I got former Texas Land Commissioner and gubernatorial candidate Garry Mauro to autography his book “Beaches, Bureaucrats and Big Oil”
I have two books signed by Molly Ivins, my favorite liberal columnist – Her first one, “Molly Ivins Can’t Do That, Can She?” which I got through mail order while living in Connecticut, and her latest “Bushwhacked,” which I got her to autograph in person here in San Antonio.
When I was in Kerrville working for the Daily Times I got to cover a Memorial Day ceremony at the Admiral Chester Nimitz Museum in Fredericksburg. They got the actors Eddie Albert and Cliff Robertson, both WWII vets, to come out and support the museum and I got both of them to sign a program.
I have a number of music CDs signed by artists from the Kerrville Folk Festival – most notably Tish Hinojosa and Robert Earle Keen.
I have several paintings signed by my favorite Texas artist Dalhart Windberg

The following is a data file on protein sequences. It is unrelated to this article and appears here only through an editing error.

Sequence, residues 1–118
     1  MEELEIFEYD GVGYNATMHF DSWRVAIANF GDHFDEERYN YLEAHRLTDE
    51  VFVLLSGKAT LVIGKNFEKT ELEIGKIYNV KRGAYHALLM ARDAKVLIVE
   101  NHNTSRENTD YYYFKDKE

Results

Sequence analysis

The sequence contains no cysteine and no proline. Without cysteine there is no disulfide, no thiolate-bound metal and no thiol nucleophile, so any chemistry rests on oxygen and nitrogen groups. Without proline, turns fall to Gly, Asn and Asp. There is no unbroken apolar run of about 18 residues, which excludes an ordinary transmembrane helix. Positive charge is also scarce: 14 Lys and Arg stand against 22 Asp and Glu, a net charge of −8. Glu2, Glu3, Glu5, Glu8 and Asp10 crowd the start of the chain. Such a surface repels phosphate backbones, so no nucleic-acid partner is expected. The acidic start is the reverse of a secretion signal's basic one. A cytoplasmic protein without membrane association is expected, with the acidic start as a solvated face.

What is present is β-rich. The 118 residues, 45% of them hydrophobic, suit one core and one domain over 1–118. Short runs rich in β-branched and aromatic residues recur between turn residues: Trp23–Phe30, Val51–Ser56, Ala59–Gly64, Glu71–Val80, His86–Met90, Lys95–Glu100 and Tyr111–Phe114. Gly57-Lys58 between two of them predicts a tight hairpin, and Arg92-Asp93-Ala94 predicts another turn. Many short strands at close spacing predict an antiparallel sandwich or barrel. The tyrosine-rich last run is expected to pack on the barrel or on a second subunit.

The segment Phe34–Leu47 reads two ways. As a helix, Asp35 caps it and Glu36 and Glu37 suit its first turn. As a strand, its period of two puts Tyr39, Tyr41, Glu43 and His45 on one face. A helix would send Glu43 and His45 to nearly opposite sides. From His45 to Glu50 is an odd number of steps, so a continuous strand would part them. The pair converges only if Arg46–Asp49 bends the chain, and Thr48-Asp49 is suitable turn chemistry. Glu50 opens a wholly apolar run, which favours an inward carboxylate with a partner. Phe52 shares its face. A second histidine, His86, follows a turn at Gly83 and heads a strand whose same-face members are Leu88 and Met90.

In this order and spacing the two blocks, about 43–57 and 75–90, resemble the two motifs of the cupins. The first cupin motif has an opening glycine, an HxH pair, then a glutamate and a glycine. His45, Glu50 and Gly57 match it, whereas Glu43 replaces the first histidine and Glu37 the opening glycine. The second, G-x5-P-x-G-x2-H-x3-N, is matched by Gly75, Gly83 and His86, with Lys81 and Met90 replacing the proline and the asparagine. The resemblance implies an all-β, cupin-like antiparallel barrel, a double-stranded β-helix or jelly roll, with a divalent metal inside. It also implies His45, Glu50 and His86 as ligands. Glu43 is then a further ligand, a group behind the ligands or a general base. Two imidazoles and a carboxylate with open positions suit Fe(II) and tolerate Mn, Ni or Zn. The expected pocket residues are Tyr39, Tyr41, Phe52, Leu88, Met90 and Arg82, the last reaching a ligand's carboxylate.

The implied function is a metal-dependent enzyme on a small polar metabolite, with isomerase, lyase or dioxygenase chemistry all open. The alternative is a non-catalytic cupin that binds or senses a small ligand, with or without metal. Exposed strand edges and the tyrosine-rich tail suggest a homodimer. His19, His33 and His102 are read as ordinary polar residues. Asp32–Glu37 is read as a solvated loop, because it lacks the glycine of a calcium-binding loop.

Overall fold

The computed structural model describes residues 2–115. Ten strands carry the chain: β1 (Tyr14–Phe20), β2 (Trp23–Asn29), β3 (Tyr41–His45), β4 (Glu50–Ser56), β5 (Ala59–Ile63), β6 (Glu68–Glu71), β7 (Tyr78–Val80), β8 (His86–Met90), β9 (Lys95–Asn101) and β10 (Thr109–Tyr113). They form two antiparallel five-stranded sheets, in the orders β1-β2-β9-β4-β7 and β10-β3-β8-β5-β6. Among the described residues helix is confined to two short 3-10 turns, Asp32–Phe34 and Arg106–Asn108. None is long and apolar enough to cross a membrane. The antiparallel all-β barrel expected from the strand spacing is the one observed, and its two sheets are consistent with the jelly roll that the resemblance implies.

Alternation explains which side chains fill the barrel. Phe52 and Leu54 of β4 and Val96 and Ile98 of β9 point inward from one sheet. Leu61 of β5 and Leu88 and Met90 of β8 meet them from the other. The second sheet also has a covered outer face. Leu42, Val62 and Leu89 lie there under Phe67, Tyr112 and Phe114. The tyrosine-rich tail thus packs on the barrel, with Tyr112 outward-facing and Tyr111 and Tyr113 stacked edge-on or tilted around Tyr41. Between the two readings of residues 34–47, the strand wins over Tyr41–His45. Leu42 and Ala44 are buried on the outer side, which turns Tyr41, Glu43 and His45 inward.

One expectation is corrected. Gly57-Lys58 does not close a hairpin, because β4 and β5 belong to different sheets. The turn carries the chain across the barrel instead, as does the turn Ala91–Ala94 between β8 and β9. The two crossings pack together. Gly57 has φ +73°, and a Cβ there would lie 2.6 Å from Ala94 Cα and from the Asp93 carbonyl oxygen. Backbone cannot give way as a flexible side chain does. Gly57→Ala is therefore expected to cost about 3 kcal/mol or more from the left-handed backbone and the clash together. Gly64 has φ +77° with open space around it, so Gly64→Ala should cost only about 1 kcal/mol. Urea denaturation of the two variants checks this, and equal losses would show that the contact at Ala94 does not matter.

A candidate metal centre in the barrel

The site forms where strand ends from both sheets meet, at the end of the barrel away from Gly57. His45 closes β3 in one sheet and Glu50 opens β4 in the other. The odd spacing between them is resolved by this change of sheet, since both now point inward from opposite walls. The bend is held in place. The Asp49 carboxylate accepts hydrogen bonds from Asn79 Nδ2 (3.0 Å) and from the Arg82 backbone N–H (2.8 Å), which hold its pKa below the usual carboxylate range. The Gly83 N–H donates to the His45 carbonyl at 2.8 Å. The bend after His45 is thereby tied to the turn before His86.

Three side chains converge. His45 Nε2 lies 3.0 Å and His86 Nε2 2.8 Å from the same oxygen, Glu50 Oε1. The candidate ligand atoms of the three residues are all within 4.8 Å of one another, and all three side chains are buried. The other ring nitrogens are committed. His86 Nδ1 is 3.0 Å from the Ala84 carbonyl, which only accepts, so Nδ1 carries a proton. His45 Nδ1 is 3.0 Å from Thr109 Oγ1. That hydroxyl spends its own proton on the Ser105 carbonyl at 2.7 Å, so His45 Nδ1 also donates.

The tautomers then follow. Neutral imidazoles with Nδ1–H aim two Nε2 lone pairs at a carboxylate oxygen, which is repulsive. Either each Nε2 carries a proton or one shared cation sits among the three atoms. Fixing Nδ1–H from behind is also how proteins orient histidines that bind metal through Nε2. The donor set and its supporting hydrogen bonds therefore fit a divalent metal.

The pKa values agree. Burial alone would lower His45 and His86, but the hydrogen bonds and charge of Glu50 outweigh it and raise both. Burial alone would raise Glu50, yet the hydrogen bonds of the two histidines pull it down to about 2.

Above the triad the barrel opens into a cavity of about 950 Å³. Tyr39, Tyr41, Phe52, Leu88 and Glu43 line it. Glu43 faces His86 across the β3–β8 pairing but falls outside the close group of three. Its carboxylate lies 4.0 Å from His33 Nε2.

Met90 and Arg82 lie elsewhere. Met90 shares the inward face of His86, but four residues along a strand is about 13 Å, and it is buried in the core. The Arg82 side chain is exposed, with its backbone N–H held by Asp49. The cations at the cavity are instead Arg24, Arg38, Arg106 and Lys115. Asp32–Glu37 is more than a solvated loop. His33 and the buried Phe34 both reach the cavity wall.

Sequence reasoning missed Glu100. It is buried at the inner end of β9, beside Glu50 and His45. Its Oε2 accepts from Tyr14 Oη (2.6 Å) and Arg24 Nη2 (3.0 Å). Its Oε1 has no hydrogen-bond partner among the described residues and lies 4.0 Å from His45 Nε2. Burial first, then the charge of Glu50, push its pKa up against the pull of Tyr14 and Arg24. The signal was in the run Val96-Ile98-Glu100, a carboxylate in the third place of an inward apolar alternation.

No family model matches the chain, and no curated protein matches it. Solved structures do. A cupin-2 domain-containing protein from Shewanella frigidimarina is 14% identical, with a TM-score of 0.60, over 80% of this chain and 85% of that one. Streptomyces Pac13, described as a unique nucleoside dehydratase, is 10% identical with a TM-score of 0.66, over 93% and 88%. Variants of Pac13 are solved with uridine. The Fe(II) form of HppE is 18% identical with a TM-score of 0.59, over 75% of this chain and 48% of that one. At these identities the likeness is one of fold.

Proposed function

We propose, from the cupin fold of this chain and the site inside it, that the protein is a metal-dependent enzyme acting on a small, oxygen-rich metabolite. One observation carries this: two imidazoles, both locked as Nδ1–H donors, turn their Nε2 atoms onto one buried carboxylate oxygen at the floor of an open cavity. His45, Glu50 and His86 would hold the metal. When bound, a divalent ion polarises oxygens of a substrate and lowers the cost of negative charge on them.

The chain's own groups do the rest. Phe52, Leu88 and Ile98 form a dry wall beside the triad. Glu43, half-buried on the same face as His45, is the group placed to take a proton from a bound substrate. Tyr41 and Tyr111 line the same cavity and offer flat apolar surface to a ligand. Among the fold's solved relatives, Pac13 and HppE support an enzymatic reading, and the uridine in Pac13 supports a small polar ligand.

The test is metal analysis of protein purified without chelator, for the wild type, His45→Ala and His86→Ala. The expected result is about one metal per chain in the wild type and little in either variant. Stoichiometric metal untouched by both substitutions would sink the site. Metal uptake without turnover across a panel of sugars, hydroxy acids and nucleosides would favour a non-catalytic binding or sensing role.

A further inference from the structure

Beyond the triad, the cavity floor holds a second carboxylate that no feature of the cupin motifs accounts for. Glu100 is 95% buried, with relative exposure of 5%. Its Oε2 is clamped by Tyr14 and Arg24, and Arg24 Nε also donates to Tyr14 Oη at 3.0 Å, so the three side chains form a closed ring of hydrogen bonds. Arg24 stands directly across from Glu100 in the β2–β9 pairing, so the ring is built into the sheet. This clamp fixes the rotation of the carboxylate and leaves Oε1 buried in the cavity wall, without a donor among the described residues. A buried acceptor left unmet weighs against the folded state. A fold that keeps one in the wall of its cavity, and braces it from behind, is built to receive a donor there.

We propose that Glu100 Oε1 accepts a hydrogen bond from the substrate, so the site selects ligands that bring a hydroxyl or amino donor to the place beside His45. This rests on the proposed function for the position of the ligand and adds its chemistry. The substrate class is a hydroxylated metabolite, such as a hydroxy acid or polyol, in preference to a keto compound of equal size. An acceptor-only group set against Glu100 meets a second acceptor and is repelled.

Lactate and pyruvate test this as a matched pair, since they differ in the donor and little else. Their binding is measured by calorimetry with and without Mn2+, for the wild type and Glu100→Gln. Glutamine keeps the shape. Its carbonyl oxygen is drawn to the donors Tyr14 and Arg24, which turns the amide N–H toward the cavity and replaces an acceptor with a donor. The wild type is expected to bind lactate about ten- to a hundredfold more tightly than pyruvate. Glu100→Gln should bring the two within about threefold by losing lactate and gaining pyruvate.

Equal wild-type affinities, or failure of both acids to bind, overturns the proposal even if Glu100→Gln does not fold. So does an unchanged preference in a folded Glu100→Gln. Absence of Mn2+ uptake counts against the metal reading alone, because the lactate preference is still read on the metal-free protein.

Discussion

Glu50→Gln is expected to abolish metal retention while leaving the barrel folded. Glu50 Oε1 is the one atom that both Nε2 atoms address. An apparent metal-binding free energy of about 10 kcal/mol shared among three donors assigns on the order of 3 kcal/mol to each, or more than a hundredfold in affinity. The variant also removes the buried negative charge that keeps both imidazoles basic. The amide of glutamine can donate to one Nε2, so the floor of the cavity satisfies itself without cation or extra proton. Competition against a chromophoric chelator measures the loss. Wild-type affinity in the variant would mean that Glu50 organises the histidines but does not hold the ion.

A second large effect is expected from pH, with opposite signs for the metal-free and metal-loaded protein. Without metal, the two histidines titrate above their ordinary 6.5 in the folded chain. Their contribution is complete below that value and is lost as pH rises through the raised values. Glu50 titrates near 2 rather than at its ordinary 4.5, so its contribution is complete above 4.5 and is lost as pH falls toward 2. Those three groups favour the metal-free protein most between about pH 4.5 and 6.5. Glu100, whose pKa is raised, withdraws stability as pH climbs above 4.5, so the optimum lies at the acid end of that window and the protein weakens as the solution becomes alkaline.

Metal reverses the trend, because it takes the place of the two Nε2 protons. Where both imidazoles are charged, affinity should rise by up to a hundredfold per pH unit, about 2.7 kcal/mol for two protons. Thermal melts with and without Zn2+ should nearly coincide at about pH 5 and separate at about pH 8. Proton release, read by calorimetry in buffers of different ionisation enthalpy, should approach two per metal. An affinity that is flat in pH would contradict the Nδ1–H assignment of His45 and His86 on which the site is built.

Last year I got to see Luis Tiant, the former Boston Red Sox pitcher, while he was doing a promotional gig at a San Antonio Missions baseball game. I got him to sign a baseball card and my book “The Long Ball” about the ’75 World Series which he played a key role in.
And my wife has an autograph from James Watson of Watson & Crick fame, the pair who discovered DNA. She saw him while she was at Cold Springs Harbor on Long Island where his lab is located.
Wednesday, November 10, 2004
George W. Bush now has four more years to wreak havoc, I mean govern the nation and combined with the Republican gains in the House and Senate there have been predictions of sweeping reforms of government programs - everything from overhauling the tax code to make it simpler and more regressive to privatizing Social Security and Medicare.